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First-ever law to control public assembly takes effect in Thailand

Members of the New Democracy Movement activist group and supporters hold up pictures of the 14 students who had been held for holding anti-coup protests, during a rally outside the military court in Bangkok, 7 July 2015
Members of the New Democracy Movement activist group and supporters hold up pictures of the 14 students who had been held for holding anti-coup protests, during a rally outside the military court in Bangkok, 7 July 2015

REUTERS/Chaiwat Subprasom

This statement was originally published on seapa.org on 18 August 2015.

By Sinfah Tunsarawuth


Thailand's first ever law to specifically deal with public gatherings came into force on 13 August 2015, laying down stricter rules for such political activity. The new law imposes high penalties of up to 10-year jail terms for severe offences such as causing disturbance or disruption to public services.

Known as the Public Assembly Act of 2015, the law is steep in details on procedures to abide by before the public can exercise its right to freedom of assembly. The law outlines various measures responsible authorities can take to allow and control such political gatherings.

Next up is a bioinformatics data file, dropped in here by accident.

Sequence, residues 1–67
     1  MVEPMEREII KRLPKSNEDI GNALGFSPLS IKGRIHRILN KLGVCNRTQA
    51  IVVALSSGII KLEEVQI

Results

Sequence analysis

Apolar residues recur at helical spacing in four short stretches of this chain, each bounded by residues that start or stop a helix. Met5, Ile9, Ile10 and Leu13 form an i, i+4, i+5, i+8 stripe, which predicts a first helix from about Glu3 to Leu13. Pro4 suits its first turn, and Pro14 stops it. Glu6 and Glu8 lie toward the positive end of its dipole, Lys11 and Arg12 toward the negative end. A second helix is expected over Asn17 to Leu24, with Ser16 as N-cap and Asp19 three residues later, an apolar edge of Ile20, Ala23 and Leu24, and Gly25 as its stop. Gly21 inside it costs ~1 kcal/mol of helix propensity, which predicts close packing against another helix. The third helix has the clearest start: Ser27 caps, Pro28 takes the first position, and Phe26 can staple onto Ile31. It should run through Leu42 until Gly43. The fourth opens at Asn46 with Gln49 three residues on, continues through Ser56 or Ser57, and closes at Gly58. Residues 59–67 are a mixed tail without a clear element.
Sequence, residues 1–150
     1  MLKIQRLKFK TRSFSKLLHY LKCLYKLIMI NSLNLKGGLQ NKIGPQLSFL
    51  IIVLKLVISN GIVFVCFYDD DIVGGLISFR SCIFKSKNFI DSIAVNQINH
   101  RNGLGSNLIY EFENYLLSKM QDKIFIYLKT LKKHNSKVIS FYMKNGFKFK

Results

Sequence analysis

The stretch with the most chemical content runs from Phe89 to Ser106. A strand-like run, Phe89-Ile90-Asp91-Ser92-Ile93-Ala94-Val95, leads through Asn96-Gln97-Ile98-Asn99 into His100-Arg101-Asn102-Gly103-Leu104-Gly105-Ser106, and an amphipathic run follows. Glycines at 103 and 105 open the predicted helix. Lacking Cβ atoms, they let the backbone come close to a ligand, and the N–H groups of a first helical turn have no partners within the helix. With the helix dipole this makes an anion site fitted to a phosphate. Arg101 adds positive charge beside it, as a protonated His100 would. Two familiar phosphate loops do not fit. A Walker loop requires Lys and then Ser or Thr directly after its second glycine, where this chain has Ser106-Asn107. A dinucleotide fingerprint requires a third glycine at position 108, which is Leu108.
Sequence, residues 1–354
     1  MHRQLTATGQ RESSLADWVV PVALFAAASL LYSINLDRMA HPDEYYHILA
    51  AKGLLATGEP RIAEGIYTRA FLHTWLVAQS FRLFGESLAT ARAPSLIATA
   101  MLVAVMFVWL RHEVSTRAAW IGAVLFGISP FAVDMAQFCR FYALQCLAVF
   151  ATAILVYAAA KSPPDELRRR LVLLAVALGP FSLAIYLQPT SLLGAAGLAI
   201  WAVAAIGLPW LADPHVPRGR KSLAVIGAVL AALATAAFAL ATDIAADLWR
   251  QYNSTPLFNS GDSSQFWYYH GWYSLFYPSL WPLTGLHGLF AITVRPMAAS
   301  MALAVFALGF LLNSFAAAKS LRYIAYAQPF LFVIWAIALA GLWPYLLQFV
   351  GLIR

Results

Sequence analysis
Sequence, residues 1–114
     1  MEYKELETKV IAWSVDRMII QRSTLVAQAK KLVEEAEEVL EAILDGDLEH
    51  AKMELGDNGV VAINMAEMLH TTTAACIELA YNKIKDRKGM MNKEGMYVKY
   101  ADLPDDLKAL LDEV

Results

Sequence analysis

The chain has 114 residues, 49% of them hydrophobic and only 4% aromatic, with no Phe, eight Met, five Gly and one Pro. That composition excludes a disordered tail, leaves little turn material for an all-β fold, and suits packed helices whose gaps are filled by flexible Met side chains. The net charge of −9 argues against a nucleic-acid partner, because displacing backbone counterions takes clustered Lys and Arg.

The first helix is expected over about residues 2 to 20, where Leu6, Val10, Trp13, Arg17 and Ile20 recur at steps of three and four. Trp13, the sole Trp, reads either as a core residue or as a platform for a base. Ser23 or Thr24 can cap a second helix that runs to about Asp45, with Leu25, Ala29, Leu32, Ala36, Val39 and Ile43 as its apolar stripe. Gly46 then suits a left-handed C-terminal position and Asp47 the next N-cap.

Previous administrations have mulled over such a specific law in an attempt to control the massive demonstrations that have rocked the country since 2005. In its absence, each government ended up using other laws including traffic laws and the emergency act to quell the often rowdy and at times violent political protests, including one that blocked the international airport in 2008.

The current coup government of Gen Prayuth Chan-ocha, which took power from Yingluck administration on 22 May 2014, defended the new law as a necessary tool to regulate public gatherings, arguing that previous political gatherings have not been organized and controlled appropriately and led to fatal violence and disruptions of public service.